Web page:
At a glance
* 85mm long, 560g
* 52 hours of battery life
* Standard camera mounts and connections
* Capable of holding 15kg
* $399 exc import duty and VAT
* See website for more

A couple of years ago, sliders became popular for adding camera motion to video clips and time-lapse videos. Initially most were long and heavy, and to get a nice stable shot you needed two tripods, one at either end. Then Edelkrone changed the game by showing that you can get a reasonable amount of travel out of a short, lightweight slider and subtlety can be cool. I mention Edelkrone because you can’t help but think of its SliderOne when you see the Smartta SliderMini 2.

It’s a nice-looking piece of kit, with only a small logo on its baseplate and L & R indicators on the top. The power button is very discreet with four small LEDs above to indicate the battery level. There are two ports, one for charging via USB-C and a 2.5mm socket for camera control. Mounting on top and bottom is via standard 3/8-in threads.

The unit is light and portable but also well made

The package includes a USB-C cable for charging, along with control cables for shutter release – LANC, Micro USB for Sony users, and N3 for Canon. Also provided is a basic rotating camera mount. Smartta’s website offers bundles which add various mount options, and I’d recommend the ball head at very least. The small size of the SliderMini 2 allows for use in a variety of situations, including both vertical and incline mounting.

Battery life is excellent, with 14 hours continuous usage. You can also operate the unit via a well-designed app, available on iOS and Android

By angling the slider both up and forward you can get some pretty impressive movement in close-up shots, good for products or details. Smartta claims a 15kg payload for horizontal use, which reduces to just 1.25kg in vertical orientation. Smartta’s app functions almost entirely as expected. Installation and connection to the slider was straightforward, with the app almost instantly finding the nearby SliderMini 2.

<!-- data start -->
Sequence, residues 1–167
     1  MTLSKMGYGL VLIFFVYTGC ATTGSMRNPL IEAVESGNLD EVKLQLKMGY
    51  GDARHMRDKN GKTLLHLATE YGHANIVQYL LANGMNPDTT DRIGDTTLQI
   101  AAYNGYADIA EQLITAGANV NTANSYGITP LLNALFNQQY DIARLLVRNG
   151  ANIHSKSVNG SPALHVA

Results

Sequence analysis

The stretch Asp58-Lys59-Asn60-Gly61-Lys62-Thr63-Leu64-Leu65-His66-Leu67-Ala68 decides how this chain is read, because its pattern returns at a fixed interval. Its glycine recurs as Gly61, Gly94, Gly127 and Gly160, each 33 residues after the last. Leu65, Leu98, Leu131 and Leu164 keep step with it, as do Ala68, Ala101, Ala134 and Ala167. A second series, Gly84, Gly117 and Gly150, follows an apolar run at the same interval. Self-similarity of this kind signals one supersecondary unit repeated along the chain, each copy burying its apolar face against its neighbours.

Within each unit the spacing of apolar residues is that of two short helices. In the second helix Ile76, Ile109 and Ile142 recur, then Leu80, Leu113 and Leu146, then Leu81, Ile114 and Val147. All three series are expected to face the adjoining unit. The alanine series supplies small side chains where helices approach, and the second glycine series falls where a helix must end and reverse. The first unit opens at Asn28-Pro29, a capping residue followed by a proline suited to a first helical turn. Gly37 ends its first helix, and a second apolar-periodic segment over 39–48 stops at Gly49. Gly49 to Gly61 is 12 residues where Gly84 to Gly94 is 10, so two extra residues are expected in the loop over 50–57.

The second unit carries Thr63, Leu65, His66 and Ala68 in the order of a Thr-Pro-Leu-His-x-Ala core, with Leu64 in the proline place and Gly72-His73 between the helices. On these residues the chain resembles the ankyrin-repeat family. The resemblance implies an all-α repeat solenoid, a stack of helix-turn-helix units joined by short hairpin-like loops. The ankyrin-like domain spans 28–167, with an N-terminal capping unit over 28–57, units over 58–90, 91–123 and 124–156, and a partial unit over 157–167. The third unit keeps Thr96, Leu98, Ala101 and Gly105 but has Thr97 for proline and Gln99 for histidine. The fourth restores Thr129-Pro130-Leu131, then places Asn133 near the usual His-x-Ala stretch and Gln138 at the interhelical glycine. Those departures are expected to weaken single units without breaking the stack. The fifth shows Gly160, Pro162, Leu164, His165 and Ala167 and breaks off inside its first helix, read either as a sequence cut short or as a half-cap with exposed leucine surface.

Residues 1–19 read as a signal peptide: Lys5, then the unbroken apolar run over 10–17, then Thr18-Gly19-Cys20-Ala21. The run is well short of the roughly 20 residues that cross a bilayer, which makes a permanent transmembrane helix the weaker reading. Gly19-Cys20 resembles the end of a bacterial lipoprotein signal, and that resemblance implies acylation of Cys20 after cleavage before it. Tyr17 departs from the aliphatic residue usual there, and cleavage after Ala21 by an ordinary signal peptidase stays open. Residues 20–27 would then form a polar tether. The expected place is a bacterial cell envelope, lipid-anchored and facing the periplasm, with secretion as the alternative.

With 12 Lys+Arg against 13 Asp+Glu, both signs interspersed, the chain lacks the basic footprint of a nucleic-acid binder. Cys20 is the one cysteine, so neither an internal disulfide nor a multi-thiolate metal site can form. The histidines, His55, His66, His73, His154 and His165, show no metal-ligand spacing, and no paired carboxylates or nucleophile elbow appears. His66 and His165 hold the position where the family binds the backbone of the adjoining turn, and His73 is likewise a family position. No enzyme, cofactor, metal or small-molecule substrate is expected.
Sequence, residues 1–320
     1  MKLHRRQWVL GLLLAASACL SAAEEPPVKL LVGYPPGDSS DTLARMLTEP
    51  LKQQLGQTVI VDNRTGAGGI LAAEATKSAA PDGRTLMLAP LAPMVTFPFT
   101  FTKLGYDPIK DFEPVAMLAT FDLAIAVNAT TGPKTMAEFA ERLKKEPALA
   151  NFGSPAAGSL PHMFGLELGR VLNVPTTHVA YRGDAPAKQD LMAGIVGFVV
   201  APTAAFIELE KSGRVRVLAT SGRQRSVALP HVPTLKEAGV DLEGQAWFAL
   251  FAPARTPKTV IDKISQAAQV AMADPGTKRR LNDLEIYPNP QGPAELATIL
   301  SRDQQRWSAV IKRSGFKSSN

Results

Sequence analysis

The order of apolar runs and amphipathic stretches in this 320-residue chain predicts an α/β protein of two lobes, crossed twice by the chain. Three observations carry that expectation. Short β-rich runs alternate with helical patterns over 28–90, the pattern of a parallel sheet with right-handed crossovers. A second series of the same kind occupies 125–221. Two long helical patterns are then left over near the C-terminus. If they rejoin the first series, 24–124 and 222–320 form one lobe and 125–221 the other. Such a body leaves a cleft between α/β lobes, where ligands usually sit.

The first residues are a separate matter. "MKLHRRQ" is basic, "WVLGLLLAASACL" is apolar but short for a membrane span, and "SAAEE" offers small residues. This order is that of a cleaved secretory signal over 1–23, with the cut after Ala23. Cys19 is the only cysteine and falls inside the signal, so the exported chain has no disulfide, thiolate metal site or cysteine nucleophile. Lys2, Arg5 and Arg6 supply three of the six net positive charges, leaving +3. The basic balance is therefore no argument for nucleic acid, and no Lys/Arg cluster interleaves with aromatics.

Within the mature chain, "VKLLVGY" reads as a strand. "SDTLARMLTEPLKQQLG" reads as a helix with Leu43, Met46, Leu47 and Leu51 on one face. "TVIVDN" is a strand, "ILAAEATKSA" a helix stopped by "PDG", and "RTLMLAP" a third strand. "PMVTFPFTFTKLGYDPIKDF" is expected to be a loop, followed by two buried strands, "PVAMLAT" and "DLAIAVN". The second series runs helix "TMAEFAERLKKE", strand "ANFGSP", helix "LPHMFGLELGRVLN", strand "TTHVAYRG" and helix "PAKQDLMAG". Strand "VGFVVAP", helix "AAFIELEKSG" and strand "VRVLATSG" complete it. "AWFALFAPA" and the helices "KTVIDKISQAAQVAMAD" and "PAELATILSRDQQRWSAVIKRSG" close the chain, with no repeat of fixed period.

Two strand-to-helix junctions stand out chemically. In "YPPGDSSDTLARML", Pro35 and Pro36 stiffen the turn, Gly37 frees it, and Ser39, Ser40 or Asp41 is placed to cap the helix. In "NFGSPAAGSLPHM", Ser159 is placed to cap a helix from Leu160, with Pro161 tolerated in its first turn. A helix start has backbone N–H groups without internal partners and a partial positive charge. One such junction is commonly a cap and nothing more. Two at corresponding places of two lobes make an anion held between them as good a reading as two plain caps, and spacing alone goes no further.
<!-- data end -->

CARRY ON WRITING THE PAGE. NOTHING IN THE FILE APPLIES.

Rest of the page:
It has a very simple interface with start/stop, left/right operation functions and speed control. The firm hasn’t forgotten manual usage either, via double and triple pushes of the power button, but this wasn’t always as responsive as I’d expect.

This is an excellent piece of kit with few downsides. Operational noise won’t be a problem for stills, timelapse or stop motion usage, but video users should be aware. Reducing the speed of travel to around 30% and keeping the slider at a distance from microphones made it usable.

There are a couple of odd quirks, including auto-start on power-up when not in the left-most position, stopping after a single run when on manual control, and hard stops at either end in loop mode. All could be resolved with software updates.

Control modes
There are four different operating modes that allow for variable speed ramps, time lapse, stop motion and looping of the movement. Looping does seem like a strange addition, as I would have expected it to loop by default, but the default operation is movement in a single direction requiring manual intervention to continue movement.